Researcher’s poetic tribute to care home staff as new study calls for more resources
New national care home radio station among recommendations
The ‘national clap’ for NHS workers during the first wave of the coronavirus pandemic quite rightly sought to recognise the vast contribution made by hospital workers up and down the country but the same cannot be said for care home staff.
That’s according to Dr Andrea Capstick, Associate Professor in Dementia Studies at the University of Bradford.
As restrictions on visiting care home residents indoors are lifted (from Monday March 8), Dr Capstick and her colleagues, Dr Ana Barbosa, Dr Giorgia Previdoli and Clare Mason, are preparing to publish new research which has examined the toll the pandemic and its successive lockdowns has taken on staff, residents and their families.
Dr Capstick has previously called for greater recognition of care home staff, in her emotive blog, Let’s Hear It For Care Home Staff, in which she penned a moving poem highlighting their plight.
The research was made possible by 20 practitioners, including our Advanced Dementia Studies Master’s degree students, whose insight proved invaluable. Recommendations are set to include the creation of a dedicated radio station for care homes, which they argue would benefit both staff and residents, together with a ‘toolkit’ to help mitigate the effects of any future pandemic.
Dr Capstick, who has taught at the University for 26 years, said: “We launched the campaign to get the same kind of recognition for care home staff that NHS staff have had. Not to take anything away from NHS staff but just to recognise that there’s a lot of work being done in care homes behind the scenes, which is less visible and therefore gets less attention.
“Some of the people we talked to said they felt left out when they were not explicitly mentioned in events like the national clap.
“Our research, which was made possible by our MSc students, many of whom already work in care homes either providing direct care or in managerial roles. Because it was impossible to get into care homes during the lockdown, these students provided a unique and valuable opportunity for understanding that experience, both in terms of what it was like for them as practitioners but also the people with dementia who they were caring for and to some extent their families.”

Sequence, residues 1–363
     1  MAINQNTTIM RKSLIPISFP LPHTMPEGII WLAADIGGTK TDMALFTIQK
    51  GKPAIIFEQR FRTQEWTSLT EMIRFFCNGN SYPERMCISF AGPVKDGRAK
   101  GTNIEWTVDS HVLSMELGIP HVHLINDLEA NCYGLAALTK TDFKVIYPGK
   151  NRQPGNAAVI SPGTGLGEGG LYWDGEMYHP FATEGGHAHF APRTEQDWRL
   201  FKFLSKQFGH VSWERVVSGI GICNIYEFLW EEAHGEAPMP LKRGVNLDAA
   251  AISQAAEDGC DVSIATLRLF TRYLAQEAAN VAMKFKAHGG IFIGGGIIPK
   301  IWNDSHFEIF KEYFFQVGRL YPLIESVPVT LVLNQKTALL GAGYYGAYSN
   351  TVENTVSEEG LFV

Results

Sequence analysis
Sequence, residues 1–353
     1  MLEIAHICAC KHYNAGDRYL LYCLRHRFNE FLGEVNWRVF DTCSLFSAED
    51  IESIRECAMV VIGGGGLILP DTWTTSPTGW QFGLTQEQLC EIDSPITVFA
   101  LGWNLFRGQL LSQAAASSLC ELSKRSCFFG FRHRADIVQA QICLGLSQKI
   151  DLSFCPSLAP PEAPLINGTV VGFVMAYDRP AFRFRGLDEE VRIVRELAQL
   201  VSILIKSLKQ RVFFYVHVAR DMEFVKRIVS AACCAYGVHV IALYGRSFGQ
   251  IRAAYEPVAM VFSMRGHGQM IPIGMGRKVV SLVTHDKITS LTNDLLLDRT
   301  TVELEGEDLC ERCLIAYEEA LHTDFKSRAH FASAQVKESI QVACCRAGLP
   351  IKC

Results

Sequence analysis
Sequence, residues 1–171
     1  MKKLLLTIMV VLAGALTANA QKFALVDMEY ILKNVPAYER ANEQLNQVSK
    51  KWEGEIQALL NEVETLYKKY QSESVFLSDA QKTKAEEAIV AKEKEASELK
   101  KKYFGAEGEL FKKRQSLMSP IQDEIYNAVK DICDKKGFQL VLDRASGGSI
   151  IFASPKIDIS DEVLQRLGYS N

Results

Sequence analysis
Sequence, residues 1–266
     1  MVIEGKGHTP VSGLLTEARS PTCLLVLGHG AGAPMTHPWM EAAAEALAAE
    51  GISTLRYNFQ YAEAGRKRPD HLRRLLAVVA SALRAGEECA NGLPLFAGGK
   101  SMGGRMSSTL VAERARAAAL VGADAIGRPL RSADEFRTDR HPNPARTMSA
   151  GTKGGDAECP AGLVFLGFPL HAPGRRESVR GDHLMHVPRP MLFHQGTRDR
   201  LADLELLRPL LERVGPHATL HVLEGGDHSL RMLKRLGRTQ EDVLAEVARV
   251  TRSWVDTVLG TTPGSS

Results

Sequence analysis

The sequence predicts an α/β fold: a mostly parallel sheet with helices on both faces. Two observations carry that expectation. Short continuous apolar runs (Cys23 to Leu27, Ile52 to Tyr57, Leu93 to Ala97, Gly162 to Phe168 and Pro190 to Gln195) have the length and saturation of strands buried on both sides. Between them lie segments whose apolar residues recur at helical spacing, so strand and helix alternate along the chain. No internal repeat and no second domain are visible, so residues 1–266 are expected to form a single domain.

The research was funded by the University of Bradford’s Covid response and recovery scheme. It included firsthand accounts of care home staff, blogs and pictures, collected from July to November 2020.
Dr Capstick added: “We are in the process of writing up the findings. We hope to get further funding to work with practitioners to develop resources for coronavirus recovery or if similar things happen in future.
“One idea is to set up a dedicated radio station for care homes, which would benefit staff, residents and their families, particularly when they are unable to visit. We would also like to develop a toolkit, which would look at things like creative activities for those unable to leave their rooms, sourcing PPE and the use of technology, which is not the quick fix many people believe it to be for people with dementia.”
Dr Capstick’s poem
This is for the 64-hour week you worked
And the last words you listened to
For the hands you held
And the hugs you put before your own safety
This is for the silence after the clap
In which you were not mentioned
For the MBEs you won’t receive
And the pay cuts (in real terms) that you will
This is for all of you
At the front of the front line
Doing the best you can every day
In a world that no longer has a rule book
This is for the bedside
At the border between life and death
Where you sit, keeping watch
When no-one else is looking
And the world turns away